Among the Alutiiq people, shaman harpooners who lived apart from the tribe dominated whaling:
“Whalers were essentially loner shamans,” explains Harvard-educated archaeologist Sven Haakanson, himself an Alutiiq person and lifelong Kodiak resident with deep appreciation for the artistry of the glyphs. “They were solitary, considered very spiritual. They worked alone, except perhaps when training an apprentice, and were probably a bit feared, because of the power and knowledge they had.”
Part of their special status came from the unique hunting practices they developed. Alutiiq whalers used lances tipped with sharp stone points coated with poison to take their prey. To keep the poison—derived from plants that still grow on Kodiak—from washing off in the sea, a strong adhesive was needed, namely fat. Sven says this need was behind the Alutiiq practice of mummifying gifted hunters following their deaths. “A whaler needed the fat of a powerful dead person, not just anyone, because they believed incorporating the spiritual essence of that person into their hunting gear enhanced its power. So if you were a great hunter, you were honored by being mummified.”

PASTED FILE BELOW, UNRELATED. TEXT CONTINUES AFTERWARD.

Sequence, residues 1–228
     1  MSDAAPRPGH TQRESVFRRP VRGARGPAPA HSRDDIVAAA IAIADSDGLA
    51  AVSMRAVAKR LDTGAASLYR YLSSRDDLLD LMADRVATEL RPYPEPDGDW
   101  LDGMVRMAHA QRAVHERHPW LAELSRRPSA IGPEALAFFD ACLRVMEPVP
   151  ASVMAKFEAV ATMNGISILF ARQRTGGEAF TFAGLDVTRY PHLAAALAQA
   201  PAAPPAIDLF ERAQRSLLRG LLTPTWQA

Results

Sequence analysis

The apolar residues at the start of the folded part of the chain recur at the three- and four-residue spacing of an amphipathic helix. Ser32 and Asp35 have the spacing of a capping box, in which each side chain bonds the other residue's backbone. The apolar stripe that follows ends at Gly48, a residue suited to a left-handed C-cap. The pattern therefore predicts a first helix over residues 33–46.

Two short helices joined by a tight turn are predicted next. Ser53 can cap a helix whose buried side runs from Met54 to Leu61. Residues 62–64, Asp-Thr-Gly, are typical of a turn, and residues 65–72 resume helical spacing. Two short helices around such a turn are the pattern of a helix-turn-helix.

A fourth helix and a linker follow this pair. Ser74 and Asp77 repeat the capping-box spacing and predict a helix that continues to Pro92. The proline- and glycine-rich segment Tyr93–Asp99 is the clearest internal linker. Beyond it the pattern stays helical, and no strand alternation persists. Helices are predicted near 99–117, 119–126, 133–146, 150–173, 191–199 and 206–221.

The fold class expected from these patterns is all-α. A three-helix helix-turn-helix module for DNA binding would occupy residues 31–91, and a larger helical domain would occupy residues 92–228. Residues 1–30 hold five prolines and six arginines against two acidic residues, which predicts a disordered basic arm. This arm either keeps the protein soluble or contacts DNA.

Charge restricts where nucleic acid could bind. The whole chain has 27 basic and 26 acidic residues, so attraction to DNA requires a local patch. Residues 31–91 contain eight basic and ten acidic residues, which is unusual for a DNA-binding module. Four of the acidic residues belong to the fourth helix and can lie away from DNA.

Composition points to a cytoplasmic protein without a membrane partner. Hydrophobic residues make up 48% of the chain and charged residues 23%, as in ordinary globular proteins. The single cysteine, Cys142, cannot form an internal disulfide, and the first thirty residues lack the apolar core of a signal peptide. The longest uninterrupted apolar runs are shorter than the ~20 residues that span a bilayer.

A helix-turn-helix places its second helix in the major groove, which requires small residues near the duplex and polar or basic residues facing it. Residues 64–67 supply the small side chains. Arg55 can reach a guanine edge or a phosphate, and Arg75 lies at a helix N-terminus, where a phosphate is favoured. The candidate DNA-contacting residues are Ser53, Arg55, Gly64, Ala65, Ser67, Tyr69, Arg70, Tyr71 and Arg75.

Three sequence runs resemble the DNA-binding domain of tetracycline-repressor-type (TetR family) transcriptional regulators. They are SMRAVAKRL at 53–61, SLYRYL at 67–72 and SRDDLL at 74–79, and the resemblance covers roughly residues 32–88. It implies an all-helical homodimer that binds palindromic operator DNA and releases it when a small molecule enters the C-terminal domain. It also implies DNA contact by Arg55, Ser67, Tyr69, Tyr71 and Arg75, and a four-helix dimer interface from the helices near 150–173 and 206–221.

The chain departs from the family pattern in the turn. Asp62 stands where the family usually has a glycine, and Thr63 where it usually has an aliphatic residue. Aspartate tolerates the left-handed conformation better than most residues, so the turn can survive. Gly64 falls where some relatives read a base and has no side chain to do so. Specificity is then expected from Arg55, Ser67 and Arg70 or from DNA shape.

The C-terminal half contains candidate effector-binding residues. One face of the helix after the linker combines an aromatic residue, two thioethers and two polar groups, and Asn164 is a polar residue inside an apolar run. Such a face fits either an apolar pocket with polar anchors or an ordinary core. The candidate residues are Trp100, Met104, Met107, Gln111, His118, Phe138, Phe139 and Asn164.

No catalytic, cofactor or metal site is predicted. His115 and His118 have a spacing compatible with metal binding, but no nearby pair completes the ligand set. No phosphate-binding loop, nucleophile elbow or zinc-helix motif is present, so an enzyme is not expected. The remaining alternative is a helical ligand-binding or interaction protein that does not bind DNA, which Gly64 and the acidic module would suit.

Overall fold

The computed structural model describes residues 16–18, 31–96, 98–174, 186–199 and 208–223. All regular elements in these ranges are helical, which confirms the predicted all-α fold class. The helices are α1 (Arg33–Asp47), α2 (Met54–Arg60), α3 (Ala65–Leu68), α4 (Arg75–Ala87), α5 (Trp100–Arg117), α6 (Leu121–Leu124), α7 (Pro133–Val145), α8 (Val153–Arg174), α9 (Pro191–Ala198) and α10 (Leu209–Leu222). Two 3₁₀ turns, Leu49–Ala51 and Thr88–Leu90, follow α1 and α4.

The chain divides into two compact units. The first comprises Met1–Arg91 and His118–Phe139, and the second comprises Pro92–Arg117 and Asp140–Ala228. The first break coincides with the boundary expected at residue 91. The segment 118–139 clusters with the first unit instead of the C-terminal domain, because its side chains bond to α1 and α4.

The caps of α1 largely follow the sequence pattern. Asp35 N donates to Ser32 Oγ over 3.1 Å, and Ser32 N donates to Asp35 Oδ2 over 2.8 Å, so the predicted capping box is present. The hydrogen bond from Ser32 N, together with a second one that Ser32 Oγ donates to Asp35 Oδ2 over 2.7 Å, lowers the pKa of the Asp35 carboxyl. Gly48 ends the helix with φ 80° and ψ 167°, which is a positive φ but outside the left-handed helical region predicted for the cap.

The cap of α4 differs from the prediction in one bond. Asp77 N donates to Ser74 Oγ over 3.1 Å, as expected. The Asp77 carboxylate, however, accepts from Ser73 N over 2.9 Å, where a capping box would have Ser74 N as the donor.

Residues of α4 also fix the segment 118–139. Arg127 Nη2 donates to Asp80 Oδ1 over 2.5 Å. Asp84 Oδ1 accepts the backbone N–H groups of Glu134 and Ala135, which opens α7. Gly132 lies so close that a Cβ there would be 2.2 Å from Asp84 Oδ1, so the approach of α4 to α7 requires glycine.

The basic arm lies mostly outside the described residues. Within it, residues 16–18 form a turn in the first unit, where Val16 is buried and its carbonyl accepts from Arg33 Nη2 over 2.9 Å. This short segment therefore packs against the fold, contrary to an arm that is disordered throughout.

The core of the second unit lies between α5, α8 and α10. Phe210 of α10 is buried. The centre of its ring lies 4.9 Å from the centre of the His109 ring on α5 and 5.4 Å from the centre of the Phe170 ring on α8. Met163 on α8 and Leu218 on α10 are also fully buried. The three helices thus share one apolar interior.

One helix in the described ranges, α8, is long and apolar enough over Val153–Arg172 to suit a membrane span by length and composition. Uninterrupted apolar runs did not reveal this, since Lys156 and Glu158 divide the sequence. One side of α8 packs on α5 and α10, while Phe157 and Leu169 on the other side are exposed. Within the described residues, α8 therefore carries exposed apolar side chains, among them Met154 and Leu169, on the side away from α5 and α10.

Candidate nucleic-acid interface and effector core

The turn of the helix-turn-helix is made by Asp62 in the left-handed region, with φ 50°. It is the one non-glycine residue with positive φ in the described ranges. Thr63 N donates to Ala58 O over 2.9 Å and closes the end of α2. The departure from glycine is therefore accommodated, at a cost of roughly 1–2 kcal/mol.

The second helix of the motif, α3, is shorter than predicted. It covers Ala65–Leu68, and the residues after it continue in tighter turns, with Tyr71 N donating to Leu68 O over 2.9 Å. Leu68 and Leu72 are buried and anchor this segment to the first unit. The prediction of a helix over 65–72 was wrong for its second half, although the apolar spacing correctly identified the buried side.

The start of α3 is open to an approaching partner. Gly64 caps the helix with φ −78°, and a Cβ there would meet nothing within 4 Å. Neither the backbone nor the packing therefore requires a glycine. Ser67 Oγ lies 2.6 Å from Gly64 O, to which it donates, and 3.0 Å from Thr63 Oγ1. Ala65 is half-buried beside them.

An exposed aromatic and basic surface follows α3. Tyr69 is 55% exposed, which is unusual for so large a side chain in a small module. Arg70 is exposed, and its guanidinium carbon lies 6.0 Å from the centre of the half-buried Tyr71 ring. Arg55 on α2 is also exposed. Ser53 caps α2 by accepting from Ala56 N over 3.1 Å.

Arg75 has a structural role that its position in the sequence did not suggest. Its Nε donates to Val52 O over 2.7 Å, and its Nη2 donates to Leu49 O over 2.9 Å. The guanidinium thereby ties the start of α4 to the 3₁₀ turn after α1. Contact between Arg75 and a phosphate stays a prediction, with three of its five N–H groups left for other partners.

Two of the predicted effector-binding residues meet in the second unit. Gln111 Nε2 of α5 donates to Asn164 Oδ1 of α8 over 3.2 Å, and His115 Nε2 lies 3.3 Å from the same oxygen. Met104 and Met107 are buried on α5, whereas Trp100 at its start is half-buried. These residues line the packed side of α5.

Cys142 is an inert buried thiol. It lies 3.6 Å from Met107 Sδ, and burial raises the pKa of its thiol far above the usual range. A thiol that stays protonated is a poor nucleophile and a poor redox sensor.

The shaman-whalers used fat harvested from these mummies to coat their spear tips and enhance their chances of success.
It was dangerous work, according to Sven. “If you cut yourself while readying your lance and the poison got in there, it would kill you in about a minute.” Chasing a whale across the bay, alone, in a single-man boat was no picnic either. With luck, a hunter would strike the whale in the fluke or tail, delivering the poison which began to do its work. Then the whaler would lay a long line of mummy fat across the mouth of the bay, to create a spiritual barrier that kept the whale from fleeing to open ocean.
Next, the shaman-hunter would return to shore for a fast of three days, the time it usually took for a paralyzed whale to drown, surface and be brought in on the currents.